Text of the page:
Air Namibia battles for survival

Windhoek- Namibia (PANA) -- Even in advanced countries such as the US and Britain, airline business has been and is still unpredictable.
Stiff competition and high operational costs have forced mergers and partnerships of once reputable airlines such as British Caledonian and British Airways several years ago.
In the US a number of airline companies have had to close shop due to unforeseen market situations in the skies of business.
The story has not been different in Africa, either.
Small national airlines such as the Zambia Airways have had to disband some eight years ago due to unending losses.
The reputable East African Airways, once part of the umbilical cord of three East African countries of Uganda, Kenya and Tanzania, no longer flies over the snows of Kilimanjaro for nearly three decades now.
Air Afrique, the joint air pride of West African countries, has been plagued with poor finances and mismanagement, unable to fly on time anywhere.
In other countries where small national airlines have survived, governments have had to pump in colossal sums from public coffers in what some leaders refer to as "bottomless pits" just for the sheer pride of having a national flag carrier.
The current sad story of Air Namibia, founded hardly 11 years ago, is therefore no big surprise.
Prime Minister Hage Geingob warned in a television talk show last week that Air Namibia would be closed down "if they continued making losses.
" He said the government, which owned the airline, would take "drastic action" because the state could not continue to "throw money in a bottomless pit.
" His statement followed the latest development in the airline in which 12 senior managers were retrenched from the company end of June in what has been described as a "major shake-up" to transform the airline from a loss-making and debt-ridden entity into a profit-making one.
The airline parastatal believes that the action was a significant cost-saving measure that will bring in savings of 1.
2 million US dollars per annum.
The usual problems of airline company mismanagement and top- heavy structure have not left Air Namibia scot-free.
Airline schedule delays or/and cancellations due to technical faults to its sole intercontinental Boeing 747 aircraft, and unnecessary over-bookings resulting in several stranded passengers have been some of its nagging problems.
Accusations of mismanagement and fraud have not escaped the airline, either.
A major audit discovery recently by auditors Price and Waterhouse unearthed a fraud case in the cargo department amounting to 2.
5 million US dollars.
This and several other discrepancies resulted into staggering losses and airline debts amounting to 29 million US dollars.
Its over-bloated highly remunerated top-heavy structure has gobbled over 30 percent of the airline company's total annual wage bill.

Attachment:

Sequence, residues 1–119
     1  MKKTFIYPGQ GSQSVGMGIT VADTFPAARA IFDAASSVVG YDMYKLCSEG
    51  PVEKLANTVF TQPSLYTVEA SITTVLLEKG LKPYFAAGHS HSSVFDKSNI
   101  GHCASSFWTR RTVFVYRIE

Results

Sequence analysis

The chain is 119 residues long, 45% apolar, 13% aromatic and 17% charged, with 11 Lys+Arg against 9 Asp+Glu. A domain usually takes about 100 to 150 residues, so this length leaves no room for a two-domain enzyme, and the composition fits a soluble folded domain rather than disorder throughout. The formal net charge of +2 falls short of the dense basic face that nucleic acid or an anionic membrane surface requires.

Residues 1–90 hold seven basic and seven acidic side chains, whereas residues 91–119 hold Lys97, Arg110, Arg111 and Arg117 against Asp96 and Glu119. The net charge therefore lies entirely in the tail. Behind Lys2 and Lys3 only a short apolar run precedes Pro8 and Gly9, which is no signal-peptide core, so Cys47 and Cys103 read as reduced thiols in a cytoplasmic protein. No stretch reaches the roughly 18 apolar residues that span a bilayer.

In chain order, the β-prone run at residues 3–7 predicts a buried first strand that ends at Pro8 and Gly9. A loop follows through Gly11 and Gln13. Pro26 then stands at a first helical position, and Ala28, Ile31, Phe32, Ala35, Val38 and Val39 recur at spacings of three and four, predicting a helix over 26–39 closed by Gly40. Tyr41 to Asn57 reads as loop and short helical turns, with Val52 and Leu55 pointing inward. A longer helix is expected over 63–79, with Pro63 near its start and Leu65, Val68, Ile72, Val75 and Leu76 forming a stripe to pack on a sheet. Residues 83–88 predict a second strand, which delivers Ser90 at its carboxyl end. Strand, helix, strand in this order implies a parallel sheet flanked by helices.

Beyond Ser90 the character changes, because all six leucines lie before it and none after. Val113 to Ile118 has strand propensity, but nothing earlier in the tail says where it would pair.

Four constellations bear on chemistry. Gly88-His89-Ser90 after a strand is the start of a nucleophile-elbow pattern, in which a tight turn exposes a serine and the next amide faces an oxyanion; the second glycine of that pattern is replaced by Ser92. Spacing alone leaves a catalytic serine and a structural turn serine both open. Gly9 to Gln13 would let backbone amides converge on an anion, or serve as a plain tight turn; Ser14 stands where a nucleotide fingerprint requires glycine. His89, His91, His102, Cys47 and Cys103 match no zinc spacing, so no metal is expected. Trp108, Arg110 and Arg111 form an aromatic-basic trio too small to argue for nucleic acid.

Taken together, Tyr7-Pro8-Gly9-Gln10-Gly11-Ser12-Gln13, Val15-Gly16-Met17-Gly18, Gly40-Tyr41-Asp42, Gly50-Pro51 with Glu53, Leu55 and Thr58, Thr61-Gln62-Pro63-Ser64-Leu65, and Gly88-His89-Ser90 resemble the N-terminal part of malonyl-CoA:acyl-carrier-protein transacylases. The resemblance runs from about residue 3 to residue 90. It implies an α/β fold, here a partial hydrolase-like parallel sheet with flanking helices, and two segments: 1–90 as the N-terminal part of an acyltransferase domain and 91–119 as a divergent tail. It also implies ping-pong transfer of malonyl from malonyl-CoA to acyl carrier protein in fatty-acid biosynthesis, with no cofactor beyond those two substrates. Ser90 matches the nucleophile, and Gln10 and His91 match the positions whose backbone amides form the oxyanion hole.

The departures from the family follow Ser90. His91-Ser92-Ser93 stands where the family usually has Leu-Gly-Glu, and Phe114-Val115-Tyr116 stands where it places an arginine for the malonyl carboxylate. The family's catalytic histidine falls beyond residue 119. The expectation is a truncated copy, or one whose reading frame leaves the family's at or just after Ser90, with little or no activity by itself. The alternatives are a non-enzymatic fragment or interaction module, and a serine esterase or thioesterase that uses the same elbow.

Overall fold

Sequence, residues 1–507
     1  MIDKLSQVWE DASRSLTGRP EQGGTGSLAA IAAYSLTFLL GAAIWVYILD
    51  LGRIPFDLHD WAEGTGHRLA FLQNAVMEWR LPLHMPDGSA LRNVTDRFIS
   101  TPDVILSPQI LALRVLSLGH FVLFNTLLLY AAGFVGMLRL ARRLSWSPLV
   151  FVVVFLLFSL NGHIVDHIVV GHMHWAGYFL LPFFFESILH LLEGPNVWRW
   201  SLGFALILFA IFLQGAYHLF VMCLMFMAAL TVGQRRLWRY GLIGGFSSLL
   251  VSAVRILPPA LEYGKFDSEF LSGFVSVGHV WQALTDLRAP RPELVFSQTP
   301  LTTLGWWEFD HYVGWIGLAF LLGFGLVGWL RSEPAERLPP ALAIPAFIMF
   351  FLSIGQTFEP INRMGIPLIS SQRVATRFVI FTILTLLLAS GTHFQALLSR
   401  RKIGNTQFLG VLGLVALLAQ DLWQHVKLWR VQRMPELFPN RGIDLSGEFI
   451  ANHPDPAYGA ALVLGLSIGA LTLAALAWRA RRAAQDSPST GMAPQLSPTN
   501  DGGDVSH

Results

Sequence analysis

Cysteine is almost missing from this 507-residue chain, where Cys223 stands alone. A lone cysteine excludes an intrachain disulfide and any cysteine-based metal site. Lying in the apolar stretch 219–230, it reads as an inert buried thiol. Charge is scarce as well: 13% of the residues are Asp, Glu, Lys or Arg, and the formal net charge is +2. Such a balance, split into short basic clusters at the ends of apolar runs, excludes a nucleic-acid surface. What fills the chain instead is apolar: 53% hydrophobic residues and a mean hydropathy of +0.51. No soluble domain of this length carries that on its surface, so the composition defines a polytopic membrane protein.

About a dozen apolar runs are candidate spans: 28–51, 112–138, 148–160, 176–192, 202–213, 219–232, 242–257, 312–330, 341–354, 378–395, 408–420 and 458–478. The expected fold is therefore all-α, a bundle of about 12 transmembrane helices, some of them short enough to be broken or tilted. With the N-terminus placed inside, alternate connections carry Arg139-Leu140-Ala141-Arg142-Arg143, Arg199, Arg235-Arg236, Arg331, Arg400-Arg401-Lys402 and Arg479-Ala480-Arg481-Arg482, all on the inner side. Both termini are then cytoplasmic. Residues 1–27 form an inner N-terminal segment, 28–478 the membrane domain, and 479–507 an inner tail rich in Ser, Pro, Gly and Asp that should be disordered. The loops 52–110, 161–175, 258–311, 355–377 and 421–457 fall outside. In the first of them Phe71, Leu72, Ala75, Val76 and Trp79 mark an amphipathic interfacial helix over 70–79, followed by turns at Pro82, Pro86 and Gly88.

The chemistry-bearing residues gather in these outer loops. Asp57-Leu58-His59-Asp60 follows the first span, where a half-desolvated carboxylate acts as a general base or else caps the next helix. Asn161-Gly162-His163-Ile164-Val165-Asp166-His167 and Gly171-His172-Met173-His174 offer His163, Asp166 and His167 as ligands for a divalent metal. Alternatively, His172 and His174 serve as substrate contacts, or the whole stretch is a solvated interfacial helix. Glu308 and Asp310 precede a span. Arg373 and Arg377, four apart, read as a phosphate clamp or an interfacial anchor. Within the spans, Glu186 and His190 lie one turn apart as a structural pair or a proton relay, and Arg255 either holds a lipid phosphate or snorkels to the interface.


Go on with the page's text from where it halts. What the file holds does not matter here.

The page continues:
The Malaysian-recruited Managing Director, Jaafar bin Ahmad, is said to be pocketing over 12,000 US dollars per month while ordinary senior managers are in receipt of not less than 4,000 dollars monthly.
The 12 sacked managers have petitioned the government, including the head of state, to appoint a committee of inquiry to probe the loss-making airline, arguing that it was unfair to target them for retrenchment while leaving the chief executive who should take the flack of the ills of the airline.
They alleged that bin Ahmad has been responsible for the losses, including the fraud in the cargo section of which he was well aware.
The ex-managers also suggested that the commission should further investigate the company's purchase of the Boeing 747-400 Combi, the sale of Boeing 737 to SAFAIR and the lease of two Boeings 737s, a contract with Ugandan airline, "whilst Namibia and Uganda opposed each other in the Democratic Republic of Congo conflict.
" The National Union of Namibia Workers have fully-backed the ex-managers, demanding that bin Ahmad's contract be terminated as he could not be exonerated from the mess in the airline.
However, the airline's board of directors, which has taken responsibility for the retrenchments, have said that the managing director must be given the opportunity to reshape the financially scarred company since the losses were there long before he was recruited.
The board chairman, Bank of Namibia Governor Tom Alweendo, said there was no evidence of improper conduct on the part of the chief executive.
Meanwhile, the government has agreed to inject in a cash bail out of 47 million US dollars to rejuvenate the airline.
It believes there was need for Air Namibia to regain client confidence and relive itself of the current pressure of debt servicing, credit worthiness and the ability to pay back to service providers.
Whether the recent action to retrench 12 senior managers, and the latest government pledged grant will rekindle the airline into a viable organisation, remains to be seen.
A number of airline experts, however, doubt if these measure will bring any miracles.
The premier believes that there was a need for a commission of inquiry, while other sources in the cabinet are of the opinion that there was need to dismiss the entire management and start afresh.
But it will come as no bolt from the blue if sooner or later Air Namibia will follow the footsteps of Zambia, East African Airways and British Caledonian.

16 july 2001 14:01:00

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